Sergio Garcia and Matt Kuchar can’t seem to help being themselves
How did Matt Kuchar and Sergio Garcia of all people manage to get themselves involved in another golfing controversy over the weekend?
It was only recently that both men were involved separate incidents that called their reputations into question.
Garcia, you might remember, had a massive temper tantrum inside a bunker before being disqualified for going on a green-damaging rampage during a particularly ill-fated recent trip to Saudi Arabia.
Not to be outdone by Garcia’s antics, Kuchar made a reputation for himself as the world’s worst tipper after stiffing a Mexican caddie following his victory at the Mayakoba Classic.
Both men needed another PR disaster like a hole in the head, but that’s precisely what they got during their quarter-final clash at the WGC-Match Play in Austin on Saturday.
It all happened one the par-4 seventh green, when Garcia failed to convert a birdie attempt to win the hole, before sloppily missing a second putt in haste from inside a foot and picking his ball up.
It should have been a straightforward concession, but Garcia had never asked that of Kuchar, and the American seized on the opportunity to make that case to match officials, who had no choice but to see things his way.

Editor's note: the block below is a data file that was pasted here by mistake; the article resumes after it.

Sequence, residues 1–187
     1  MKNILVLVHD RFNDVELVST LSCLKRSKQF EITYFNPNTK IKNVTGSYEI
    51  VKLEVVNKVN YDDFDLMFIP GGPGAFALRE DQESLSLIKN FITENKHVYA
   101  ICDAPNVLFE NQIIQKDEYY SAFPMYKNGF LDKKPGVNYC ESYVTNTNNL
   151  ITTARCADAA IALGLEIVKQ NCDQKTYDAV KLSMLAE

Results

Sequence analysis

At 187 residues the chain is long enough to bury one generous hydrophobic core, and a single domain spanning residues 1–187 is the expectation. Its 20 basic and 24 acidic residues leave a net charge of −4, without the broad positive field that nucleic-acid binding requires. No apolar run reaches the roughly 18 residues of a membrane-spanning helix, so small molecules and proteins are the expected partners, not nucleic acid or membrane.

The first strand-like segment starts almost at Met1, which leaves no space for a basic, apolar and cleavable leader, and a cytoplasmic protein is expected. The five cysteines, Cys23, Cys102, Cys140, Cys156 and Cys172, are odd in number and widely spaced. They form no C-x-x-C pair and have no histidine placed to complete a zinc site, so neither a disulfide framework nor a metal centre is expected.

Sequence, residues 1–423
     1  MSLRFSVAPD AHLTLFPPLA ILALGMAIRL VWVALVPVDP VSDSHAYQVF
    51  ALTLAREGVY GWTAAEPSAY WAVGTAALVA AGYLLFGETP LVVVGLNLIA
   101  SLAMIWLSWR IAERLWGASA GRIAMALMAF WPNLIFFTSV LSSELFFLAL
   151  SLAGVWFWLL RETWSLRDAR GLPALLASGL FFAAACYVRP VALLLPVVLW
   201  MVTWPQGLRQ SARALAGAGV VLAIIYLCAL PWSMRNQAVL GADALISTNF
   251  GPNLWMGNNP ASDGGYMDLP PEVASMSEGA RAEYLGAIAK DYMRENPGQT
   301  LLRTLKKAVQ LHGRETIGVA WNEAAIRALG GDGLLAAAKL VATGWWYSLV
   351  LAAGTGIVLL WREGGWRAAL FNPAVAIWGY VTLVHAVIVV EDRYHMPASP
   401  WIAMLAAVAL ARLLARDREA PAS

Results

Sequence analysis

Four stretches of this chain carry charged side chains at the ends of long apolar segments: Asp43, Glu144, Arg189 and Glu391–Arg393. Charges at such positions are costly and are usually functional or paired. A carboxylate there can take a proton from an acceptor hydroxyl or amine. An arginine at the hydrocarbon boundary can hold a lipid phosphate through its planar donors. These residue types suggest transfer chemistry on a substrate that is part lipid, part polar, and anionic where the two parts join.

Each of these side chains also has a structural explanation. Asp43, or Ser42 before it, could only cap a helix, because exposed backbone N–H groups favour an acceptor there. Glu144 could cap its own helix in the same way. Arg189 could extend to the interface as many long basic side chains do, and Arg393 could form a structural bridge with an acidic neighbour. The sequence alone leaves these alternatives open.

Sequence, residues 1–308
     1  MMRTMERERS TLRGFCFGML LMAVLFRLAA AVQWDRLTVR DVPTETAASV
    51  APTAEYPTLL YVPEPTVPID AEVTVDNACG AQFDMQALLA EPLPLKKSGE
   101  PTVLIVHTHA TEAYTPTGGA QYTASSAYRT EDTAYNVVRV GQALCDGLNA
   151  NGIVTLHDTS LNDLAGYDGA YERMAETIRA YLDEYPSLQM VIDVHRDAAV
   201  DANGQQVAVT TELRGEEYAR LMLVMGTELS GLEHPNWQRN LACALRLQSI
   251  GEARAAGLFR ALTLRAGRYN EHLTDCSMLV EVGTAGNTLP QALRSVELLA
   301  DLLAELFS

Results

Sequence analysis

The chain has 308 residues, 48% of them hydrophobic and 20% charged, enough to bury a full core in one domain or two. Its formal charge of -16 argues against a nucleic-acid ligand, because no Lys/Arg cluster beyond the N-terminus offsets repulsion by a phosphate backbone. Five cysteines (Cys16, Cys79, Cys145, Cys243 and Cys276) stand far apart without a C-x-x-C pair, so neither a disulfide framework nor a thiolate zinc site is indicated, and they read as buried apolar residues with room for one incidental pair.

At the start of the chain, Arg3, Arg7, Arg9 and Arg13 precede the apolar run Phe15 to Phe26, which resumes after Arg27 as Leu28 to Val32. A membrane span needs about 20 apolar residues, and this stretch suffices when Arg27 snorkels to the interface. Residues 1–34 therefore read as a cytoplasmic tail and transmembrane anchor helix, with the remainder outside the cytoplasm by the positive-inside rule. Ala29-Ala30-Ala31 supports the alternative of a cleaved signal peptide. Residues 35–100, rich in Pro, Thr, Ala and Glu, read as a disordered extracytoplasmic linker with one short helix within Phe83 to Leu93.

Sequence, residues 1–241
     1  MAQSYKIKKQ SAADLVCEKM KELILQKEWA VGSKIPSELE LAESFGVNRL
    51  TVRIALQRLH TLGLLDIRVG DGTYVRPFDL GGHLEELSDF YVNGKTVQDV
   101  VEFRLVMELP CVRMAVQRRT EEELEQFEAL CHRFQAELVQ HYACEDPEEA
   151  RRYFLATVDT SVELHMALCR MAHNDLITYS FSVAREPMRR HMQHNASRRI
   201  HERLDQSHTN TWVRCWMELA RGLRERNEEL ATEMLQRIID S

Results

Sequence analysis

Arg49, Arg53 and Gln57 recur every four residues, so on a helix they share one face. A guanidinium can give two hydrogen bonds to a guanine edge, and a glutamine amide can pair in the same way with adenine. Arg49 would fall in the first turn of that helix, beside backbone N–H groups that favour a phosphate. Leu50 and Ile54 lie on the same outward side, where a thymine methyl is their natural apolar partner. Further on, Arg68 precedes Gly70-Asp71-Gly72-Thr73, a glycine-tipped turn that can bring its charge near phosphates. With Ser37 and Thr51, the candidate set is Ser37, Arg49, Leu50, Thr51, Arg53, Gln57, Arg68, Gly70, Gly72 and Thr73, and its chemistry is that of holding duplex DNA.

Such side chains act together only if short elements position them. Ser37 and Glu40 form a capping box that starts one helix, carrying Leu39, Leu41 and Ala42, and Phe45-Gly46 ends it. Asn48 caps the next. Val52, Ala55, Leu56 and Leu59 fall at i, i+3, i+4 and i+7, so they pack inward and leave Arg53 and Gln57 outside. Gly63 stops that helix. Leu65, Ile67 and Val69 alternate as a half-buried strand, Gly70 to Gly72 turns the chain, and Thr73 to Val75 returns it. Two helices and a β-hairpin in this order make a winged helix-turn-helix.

What could have been a win for Garcia and should have been a half, turned into a loss instead, and Garcia dealt with the situation about as well as you’d expect he would.
With nary a thought of his bunker breakdown in Saudi Arabia, the Spaniard gave Kuchar a piece of his mind on the next hole, before swiping his putter in anger on the green after another missed putt.
Neither player came out of the incident looking particularly good, having just recently come out of completely different incidents not looking particularly good.
Afterwards, perhaps more mindful of his recent history than he had been before, Garcia decided not to make an issue of it.
“I screwed it up, it’s as simple as that,” he said. “Obviously I missed my putt and I kind of tapped it with the back of my putter before he said anything. It’s a loss of hole. I understand that.
“There are many options that you can do if you don’t want to take the hole, even though I’ve already lost that hole. But obviously he didn’t like any of the options that were there.”
No, Kuchar certainly didn’t.
“I didn’t want that to be an issue,” said the American, who made it an issue. “Sergio said it was totally his mistake. He knew he made a mistake.
“I said I didn’t want that to be how the hole was won or lost,” added Kuchar, who ended up making it how the hole was won or lost.
“I said it’s kind of one of those tough deals in the game of golf.”
What’s particularly interesting about the incident is that seemed to highlight the very same character flaws that got both men in trouble earlier this year.
A petulant Garcia couldn’t control his hair trigger temper, while Kuchar gave us all another glimpse behind that increasingly shaky nice-guy facade.
It’s a pretty fascinating case study in how sport can amplify our strengths, but also highlight our flaws.
And as Kuchar and Garcia found out once again, there’s nowhere to hide from yourself.
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